Holly Howard runs Ask Holly How, a small business consulting company based out of Williamsburg, Brooklyn that works with a wide variety of businesses from restaurants to retail to art studios and pretty much everything in between. Her clients report increased income and profit, decreased expenses and a significantly better quality of life. Holly heads up the Small Business Book Club at McNally Jackson Books.
Want valuable insight into how to grow your business? Holly hosts FREE 30 minute strategy sessions at The Yard in Williamsburg. Email her to set up a time email@example.com or to ask a question for the next Ask Holly How.
I currently work a full-time job as a teacher. I also run a small baking company on the side. Everyone loves my cakes, and I’m considering making a career transition. I dream about owning my own bakery, but I’m not quite sure if I should take the leap. Do you have any advice on how to know if I’m cut out to own my own business?
Chalkboard or Chocolate Cake?
This is such a smart question. Most new business owners make the mistake of thinking that owning their own business will allow them to pursue their passion full-time. It’s a mistake I see in about 80 percent of new businesses. It’s not that you won’t have time to pursue your passion of baking, but once you take the leap, your priority will become running the business. This means embracing leadership, learning how to do financial planning, marketing your business, and achieving set goals.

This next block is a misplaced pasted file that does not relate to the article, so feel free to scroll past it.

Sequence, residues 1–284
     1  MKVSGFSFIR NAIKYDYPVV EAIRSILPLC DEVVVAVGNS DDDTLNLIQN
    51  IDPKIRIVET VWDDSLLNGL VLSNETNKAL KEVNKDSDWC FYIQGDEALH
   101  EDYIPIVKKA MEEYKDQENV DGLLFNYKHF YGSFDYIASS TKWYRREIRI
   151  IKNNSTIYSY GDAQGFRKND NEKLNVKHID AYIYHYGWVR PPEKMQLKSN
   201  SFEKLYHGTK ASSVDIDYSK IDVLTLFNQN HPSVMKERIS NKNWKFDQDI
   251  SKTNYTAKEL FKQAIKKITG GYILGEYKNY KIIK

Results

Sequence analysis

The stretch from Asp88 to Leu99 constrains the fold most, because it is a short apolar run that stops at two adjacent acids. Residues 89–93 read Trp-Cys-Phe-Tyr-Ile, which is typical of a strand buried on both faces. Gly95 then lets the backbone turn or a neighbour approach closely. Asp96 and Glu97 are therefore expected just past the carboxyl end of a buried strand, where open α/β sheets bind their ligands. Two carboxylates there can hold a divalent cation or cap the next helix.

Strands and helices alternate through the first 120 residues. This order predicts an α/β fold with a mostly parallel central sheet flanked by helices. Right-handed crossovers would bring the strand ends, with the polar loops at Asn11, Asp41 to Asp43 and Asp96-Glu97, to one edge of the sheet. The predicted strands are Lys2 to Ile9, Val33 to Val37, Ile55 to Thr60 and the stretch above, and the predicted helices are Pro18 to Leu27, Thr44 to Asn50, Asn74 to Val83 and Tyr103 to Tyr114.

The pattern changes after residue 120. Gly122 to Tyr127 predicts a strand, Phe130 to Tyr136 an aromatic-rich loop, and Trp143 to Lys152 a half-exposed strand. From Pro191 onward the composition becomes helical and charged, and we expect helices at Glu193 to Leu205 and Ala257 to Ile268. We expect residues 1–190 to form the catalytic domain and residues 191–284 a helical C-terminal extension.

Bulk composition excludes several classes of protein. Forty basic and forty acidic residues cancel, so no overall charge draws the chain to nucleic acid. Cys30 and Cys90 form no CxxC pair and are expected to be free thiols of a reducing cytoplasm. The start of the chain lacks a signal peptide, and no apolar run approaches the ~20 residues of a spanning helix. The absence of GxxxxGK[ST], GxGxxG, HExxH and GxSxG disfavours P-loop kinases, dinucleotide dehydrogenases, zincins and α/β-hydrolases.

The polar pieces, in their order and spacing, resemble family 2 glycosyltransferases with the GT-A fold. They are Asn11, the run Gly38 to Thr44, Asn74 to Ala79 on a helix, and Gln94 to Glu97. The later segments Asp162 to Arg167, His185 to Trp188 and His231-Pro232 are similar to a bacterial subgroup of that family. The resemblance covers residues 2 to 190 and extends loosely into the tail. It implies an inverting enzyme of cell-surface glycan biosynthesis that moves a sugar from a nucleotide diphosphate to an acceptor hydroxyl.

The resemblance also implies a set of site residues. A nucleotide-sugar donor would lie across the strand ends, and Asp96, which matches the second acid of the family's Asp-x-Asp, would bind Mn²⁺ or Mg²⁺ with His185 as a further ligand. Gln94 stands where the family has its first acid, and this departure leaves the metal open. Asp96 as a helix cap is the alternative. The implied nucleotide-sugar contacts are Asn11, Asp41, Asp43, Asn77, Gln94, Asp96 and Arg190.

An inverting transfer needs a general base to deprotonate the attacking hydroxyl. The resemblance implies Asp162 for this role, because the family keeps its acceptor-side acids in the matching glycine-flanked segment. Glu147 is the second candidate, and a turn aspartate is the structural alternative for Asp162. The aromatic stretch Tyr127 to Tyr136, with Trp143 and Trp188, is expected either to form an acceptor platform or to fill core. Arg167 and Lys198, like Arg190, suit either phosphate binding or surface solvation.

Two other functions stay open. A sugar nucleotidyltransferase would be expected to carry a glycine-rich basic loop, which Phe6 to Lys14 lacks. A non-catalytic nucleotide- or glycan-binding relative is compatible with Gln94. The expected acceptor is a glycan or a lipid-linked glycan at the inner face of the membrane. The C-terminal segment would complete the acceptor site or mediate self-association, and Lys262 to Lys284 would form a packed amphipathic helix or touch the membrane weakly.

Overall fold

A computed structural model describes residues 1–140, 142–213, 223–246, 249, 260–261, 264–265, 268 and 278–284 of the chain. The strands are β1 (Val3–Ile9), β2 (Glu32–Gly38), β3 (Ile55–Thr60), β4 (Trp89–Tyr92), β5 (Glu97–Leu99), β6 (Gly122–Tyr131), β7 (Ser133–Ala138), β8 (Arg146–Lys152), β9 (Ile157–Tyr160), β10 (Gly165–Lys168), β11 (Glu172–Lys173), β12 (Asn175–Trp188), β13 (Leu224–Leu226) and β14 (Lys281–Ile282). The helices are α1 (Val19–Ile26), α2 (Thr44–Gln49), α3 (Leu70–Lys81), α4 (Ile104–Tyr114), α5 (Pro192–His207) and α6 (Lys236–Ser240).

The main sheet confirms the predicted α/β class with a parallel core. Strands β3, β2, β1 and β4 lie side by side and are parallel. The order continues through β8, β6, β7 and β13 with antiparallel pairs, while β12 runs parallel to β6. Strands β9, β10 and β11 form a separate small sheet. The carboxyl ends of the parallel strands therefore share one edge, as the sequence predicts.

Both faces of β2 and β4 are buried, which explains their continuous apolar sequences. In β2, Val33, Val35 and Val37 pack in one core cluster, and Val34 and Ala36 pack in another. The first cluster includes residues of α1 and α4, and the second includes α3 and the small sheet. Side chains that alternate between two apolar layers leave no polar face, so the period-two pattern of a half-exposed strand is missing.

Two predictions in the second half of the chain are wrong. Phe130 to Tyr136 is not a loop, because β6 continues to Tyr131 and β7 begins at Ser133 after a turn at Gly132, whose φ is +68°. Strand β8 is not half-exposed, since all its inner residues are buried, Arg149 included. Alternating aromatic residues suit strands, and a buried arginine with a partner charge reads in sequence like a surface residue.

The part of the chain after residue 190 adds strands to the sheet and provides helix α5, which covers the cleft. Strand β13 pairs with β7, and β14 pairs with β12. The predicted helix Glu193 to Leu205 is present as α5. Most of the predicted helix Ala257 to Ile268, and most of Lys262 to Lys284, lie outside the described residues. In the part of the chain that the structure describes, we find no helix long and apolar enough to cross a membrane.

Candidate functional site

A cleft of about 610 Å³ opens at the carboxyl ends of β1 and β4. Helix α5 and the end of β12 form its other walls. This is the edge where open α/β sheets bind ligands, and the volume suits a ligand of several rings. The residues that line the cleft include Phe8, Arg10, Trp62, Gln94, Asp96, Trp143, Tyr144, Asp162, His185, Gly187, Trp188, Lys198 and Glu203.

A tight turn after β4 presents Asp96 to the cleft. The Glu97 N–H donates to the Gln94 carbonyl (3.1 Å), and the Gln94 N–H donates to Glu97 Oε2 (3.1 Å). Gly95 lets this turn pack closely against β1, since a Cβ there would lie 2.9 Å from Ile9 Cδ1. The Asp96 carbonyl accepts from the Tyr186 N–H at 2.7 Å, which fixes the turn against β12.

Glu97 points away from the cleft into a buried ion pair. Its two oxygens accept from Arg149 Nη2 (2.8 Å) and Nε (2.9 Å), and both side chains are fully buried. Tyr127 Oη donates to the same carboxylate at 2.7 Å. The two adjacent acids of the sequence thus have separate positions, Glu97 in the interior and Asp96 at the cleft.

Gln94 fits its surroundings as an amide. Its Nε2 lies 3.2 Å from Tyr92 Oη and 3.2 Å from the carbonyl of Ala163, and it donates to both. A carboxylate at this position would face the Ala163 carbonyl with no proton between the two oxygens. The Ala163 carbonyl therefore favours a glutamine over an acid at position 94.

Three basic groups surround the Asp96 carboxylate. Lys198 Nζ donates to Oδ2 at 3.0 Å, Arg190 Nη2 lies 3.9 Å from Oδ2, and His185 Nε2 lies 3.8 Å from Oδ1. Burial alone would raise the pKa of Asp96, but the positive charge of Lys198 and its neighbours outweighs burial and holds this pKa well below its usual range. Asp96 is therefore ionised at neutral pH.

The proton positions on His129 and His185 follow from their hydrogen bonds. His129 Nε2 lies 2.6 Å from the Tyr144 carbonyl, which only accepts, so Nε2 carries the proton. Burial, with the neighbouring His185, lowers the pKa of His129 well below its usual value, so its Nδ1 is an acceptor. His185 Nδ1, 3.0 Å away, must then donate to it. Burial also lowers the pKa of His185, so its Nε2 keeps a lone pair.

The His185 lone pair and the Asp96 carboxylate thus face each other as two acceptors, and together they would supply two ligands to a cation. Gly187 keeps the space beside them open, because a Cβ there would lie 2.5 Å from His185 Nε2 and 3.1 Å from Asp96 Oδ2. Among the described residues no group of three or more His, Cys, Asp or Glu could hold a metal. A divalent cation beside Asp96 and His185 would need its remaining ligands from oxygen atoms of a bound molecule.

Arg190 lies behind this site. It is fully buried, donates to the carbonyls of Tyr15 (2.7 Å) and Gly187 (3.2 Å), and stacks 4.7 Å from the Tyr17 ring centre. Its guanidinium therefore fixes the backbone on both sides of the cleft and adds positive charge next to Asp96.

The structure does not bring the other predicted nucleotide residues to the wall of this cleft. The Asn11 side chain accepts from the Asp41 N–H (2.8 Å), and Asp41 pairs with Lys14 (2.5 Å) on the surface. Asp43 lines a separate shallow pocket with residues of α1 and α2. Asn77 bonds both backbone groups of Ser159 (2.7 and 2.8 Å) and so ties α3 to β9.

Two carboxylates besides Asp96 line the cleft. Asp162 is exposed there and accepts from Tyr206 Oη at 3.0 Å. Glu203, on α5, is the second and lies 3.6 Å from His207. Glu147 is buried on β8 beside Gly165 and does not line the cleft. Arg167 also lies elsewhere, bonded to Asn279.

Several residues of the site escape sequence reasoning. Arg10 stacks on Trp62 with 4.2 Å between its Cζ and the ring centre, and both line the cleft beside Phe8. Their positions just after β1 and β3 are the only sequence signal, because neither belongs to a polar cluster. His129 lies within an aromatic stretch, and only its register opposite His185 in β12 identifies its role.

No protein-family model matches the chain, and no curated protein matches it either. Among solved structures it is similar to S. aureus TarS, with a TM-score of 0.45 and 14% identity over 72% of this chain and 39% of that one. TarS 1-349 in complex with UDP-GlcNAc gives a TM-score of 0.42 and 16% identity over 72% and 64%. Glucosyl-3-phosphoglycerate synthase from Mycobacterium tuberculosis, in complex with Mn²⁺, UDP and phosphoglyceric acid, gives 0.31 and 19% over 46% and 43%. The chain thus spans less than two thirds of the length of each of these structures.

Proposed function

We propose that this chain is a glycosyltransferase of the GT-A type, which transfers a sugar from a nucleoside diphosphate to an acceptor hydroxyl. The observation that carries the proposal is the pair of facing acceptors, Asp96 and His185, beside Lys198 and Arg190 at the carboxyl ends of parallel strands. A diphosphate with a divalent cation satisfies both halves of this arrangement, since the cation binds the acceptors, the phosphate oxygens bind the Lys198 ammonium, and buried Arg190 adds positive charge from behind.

The good news is that even if these skills aren’t your strong suit, you can learn them. The key is to be willing to change the way you see yourself in your business and invest in learning. You’re no longer the head baker. You are the human resources director, the head of finance, and the operations manager all rolled into one. If all of those roles don’t excite you, reconsider if owning a small business is right for you.
Think about how much time you are willing to invest in the development of yourself as a business owner and most importantly, be honest with yourself about what your long term goals are. Often times, we get wrapped up in the excitement of the short term idea without really considering what our needs will be in the future. If you want to run a successful business, you must be able to think both short term and long term.
Good luck either way! You’re being smart by really considering what owning a business actually means rather than leaping blindly into your future. The more time you take to prepare now, and the more questions you ask, the more likely you’ll be to increase your chance of success when the right time comes.